I saw Star Trek Into Darkness last night and have lots to say, so look for my review of that flick shortly. In the meantime, check out this piece by Matt Yglesias wherein he takes an in-depth look at the various iterations of televised Trek over the years, and makes a pretty compelling argument that it's on the small screen where the venerable sci-fi franchise's goings have been most bold. After seeing the new flick, I can't say I necessarily disagree.

Tuesday, May 14, 2013


Phil Coulson (Clark Gregg, center) is back from beyond to head the cast of Marvel's Agents of SHIELD
This week's upfronts announcing the fall lineups for the various nets have been singularly unimpressive in my view (with last place NBC's desperation particularly apparent), but the one prog that has my antennas up is Agents of SHIELD, the first expression of synchronicity by Disney between its ABC and Marvel appendages. I've been tracking the development of the Joss Whedon-produced show, which brings Marvel's expanded movie-verse to the small screen, for awhile now, but I figured I'd wait until it was a go for a series before I brought it up here, lest it get kiboshed at the pilot stage and we get all excited for nothing.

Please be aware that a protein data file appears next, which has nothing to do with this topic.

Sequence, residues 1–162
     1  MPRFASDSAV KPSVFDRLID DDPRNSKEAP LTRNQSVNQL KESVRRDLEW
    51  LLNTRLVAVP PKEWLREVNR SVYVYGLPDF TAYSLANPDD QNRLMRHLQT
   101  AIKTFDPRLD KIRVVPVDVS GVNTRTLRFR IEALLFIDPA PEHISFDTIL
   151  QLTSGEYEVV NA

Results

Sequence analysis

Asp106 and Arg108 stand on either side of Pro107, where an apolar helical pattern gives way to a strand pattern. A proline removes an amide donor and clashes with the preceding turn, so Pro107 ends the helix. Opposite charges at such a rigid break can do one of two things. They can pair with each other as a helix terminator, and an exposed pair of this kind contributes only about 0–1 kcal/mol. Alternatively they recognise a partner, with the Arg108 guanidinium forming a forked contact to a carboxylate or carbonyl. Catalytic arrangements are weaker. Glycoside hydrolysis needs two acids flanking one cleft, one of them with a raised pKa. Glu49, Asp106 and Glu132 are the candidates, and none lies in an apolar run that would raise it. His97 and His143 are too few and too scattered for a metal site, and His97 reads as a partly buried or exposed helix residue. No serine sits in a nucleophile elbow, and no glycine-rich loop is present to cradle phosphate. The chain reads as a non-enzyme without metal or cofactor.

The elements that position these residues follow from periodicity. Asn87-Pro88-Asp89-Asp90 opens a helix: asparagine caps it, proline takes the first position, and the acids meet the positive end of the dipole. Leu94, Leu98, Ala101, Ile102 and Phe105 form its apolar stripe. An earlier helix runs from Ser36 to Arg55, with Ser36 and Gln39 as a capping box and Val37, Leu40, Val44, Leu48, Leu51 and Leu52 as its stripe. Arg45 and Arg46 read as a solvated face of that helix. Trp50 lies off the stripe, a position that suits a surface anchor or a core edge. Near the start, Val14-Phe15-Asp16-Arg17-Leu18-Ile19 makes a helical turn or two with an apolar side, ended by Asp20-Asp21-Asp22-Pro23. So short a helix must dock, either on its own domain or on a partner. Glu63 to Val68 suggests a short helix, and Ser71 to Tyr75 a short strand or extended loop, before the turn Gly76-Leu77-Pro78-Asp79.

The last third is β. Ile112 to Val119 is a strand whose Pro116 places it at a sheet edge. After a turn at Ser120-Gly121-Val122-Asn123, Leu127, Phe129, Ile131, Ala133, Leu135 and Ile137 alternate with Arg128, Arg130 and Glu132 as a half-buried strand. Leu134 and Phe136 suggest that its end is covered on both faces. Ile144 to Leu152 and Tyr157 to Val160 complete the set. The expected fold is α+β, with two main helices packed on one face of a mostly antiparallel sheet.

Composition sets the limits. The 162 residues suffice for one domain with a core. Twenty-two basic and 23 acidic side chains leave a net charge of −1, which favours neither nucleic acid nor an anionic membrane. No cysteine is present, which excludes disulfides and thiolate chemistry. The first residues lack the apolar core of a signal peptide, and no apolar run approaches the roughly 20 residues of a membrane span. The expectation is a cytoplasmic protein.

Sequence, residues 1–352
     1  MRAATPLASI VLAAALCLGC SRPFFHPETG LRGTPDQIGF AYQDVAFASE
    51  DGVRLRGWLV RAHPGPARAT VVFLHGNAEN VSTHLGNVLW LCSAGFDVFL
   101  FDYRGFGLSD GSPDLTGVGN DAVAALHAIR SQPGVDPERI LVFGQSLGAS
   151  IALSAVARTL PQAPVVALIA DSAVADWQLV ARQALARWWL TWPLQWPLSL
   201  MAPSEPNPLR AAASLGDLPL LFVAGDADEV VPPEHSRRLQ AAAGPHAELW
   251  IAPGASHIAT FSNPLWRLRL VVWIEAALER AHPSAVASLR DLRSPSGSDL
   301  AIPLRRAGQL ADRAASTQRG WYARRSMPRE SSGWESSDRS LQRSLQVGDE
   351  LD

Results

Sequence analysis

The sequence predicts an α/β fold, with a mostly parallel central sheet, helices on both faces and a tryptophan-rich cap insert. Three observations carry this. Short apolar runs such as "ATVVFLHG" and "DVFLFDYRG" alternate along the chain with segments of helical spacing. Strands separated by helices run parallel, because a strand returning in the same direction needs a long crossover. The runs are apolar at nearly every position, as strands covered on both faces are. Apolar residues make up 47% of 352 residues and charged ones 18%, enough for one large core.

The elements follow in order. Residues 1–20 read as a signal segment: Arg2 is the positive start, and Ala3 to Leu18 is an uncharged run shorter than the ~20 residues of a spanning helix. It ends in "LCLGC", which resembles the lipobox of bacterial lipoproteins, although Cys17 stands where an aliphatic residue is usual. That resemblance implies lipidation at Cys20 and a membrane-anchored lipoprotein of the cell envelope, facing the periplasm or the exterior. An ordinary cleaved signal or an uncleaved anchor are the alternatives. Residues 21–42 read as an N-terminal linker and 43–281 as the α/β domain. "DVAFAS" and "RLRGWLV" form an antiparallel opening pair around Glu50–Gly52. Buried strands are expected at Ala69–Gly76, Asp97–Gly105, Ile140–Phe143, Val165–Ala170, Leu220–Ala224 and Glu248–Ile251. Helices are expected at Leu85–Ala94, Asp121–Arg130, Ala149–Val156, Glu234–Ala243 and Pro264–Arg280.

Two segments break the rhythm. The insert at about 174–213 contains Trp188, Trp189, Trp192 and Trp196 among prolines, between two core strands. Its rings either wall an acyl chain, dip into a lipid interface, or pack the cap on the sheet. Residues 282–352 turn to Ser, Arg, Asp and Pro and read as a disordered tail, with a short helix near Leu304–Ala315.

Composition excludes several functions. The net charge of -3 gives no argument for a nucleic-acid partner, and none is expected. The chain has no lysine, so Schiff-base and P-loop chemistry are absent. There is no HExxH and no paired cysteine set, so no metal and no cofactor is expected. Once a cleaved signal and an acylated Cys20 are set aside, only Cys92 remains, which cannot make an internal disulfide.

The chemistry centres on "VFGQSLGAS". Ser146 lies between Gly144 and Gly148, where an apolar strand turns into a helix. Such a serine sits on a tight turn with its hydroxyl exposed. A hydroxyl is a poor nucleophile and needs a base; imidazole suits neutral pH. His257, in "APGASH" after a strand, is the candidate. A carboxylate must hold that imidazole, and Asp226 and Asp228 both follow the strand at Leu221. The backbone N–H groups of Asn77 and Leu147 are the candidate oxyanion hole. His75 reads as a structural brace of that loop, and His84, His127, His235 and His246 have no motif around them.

The word that SHIELD is a go for series came down this week, and with it we got the above still, plus the extended teaser below. Heading up the show is Agent Phil Coulson (Clark Gregg) the fan-fave character who heroically met his end in last summer's Avengers (apparently the concept of death is just as elastic in the movie-verse as it is in the comics). This teaser gives us a good sense of what the show is going for, plus we also see another Whedon regular, J. August Richards, apparently playing Marvel hero Rage. Hopefully he's not the last secondary hero we'll see turning up in the skein, due to debut this fall. Check out the vid after the jump.

From The Onion

Arab-American Actually Kind Of Enjoys Always Having 2 Bus Seats To Self